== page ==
Arriving in the Premier League he was determined to “really give it a go rather than be half-hearted and then fall back down the leagues”. He adds: “If it turned out I was not good enough, it would not be for the want of trying.”
Williams has been good enough to attract interest from clubs like Arsenal, but nothing ever materialised and he signed a new four-year contract in the summer. “That was always what I wanted to do,” he says. “I like being at Swansea. When I leave, whether they sell me or I retire, I want them to be an established Premier League team.”
They are close already. There was upheaval last season with Michael Laudrup sacked midway through the campaign, a year after he had overseen a top-10 finish and Football League Cup win. But veteran defender Garry Monk stepped up as caretaker and stabilised the club so well his position was made permanent in the summer.
Swansea have since lost Michu, Michel Vorm, Chico Flores and Ben Davies, but having brought in Gylfi Sigurdsson, Jefferson Montero, Lukasz Fabianski, Bafetimbi Gomis and Federico Fernandez look stronger.
“Michael Laudrup’s first season was great for everyone, but last season it started to fall apart,” says Williams. “Garry Monk got the job and I can’t believe how well he has done. I said to him before a ball was kicked, ‘No matter what happens now you could not have prepared us any better’. It feels like what I have known at Swansea, a nice club with a friendly atmosphere.”
Swansea host West Bromwich Albion today, having begun the season winning at Old Trafford to spark Manchester United’s current meltdown, and followed up by defeating Burnley.
“Man United almost takes care of itself, it is a massive game with millions watching – to see them, not us – so we were all up for it, but Burnley could have been tricky. If we had lost it would have undone the hard work of the week before, but we battled it out. It is a great start. I have had seasons where we have struggled to get off the mark and especially to get that first win, the pressure mounts and mounts.”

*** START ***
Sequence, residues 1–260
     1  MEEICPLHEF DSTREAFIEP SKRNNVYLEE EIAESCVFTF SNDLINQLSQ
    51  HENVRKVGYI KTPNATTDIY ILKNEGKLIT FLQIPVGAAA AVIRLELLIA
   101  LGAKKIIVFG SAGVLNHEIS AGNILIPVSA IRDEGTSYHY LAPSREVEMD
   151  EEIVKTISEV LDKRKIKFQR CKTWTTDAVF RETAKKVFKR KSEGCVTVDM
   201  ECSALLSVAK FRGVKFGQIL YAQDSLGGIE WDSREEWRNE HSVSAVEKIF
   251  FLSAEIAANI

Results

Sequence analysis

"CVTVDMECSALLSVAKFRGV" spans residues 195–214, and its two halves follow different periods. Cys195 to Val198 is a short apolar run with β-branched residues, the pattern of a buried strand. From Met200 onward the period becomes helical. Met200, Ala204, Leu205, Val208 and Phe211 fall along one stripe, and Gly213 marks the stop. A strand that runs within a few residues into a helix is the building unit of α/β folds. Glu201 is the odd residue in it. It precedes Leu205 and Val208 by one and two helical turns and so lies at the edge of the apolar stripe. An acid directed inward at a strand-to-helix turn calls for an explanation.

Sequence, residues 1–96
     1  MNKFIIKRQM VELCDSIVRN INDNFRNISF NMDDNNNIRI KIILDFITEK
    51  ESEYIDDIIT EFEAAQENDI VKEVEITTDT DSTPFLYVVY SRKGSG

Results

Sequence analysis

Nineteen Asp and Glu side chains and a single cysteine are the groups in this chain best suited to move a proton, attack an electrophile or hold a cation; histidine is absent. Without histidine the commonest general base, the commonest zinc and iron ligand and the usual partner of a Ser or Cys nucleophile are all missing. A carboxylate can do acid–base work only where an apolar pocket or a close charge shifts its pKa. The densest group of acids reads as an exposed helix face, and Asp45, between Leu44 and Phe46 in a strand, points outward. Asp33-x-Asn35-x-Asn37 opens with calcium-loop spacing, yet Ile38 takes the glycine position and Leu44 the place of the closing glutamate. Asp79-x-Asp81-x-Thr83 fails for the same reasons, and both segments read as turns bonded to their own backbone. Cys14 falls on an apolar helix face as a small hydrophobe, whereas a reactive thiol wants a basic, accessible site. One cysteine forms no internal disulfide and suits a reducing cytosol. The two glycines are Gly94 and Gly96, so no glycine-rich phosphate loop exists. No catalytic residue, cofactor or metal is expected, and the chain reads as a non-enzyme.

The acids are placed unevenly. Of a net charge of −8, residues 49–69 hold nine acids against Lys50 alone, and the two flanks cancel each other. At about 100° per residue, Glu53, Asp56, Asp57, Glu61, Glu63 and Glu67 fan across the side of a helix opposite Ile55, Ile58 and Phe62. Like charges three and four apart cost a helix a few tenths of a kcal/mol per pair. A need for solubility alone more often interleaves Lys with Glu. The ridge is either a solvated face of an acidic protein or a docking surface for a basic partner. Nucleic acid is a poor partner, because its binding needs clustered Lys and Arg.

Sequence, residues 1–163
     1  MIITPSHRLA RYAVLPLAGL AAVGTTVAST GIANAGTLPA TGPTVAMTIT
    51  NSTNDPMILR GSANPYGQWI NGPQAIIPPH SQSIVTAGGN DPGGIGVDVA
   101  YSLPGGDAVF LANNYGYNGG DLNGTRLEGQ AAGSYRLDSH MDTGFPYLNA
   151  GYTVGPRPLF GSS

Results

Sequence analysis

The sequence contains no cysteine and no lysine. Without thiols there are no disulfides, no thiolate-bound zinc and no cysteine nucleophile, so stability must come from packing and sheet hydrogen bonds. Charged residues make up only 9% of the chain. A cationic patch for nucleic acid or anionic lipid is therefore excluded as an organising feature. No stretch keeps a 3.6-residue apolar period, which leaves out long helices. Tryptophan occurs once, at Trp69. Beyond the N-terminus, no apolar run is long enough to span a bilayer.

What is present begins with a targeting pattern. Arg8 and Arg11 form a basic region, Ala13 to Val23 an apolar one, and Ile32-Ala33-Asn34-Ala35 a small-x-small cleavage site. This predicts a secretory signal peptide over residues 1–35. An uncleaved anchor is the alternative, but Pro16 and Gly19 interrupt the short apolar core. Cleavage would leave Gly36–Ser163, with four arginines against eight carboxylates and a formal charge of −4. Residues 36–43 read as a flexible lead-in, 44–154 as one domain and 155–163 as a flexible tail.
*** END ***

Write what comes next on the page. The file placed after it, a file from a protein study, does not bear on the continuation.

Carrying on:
The international break follows, with Williams leading a Welsh team who have genuine hope of qualifying for a major tournament for the first time since 1958. Their Euro 2016 qualifying group features Bosnia, Belgium, Israel, Cyprus and Andorra, who are their first opponents on Tuesday week.
“It is not easy,” says Williams, “but we couldn’t ask for any more from a group. We have one of the world’s best players [Gareth Bale] and one of the league’s best players [Aaron Ramsey]. We need to be consistent. If we have our best XI out for the majority of the games we stand a very good chance.”
Throughout the interview one aspect has jarred. Williams is wearing a grey hoodie with a picture on the front of a woman in her underwear over which is superimposed a lascivious tongue. It is an arresting image, but one which is at odds with his mature, thoughtful demeanour. As he poses by the pitch for photographs I ask him about it.
He explains: “A friend who designed this had said, ‘If you’re doing anything can you do me a favour and wear it?’ I thought, ‘But this is for The Independent’.”
My other life - Going to the beach
I have three young children, ages three and a half, one and a half and four weeks, so I spend most of my free time with them. They grow up so quickly you need to spend as much time with them as you can. There are lovely beaches near Swansea and we’re only a minute away from one, so we go there regularly.
Four-square in defence of familiar formation
As a ball-playing defender Williams might be expected to be in favour of three-at-the-back system that has returned to fashion, notably with the Manchester United team Swansea defeated on the opening day.
However, he said: “I played it a lot with Wales under John Toshack, I would do whatever the manager asked, but if he said, ‘I want to play three at the back on Saturday’, I would not be too impressed. It is not something I enjoy. I like a four, we grew up in a four in Britain, it is what we know. I am open to it if we worked on it, and we did in pre-season in case we need to play it, but I don’t think there are many centre-halves – even if you asked those ones who are playing it now – who would be too happy about it. It is a bit alien to us. If you are the outside centre-back you have nothing wide of you, no cover. You end up sometimes being a full-back and we never like going into those areas.”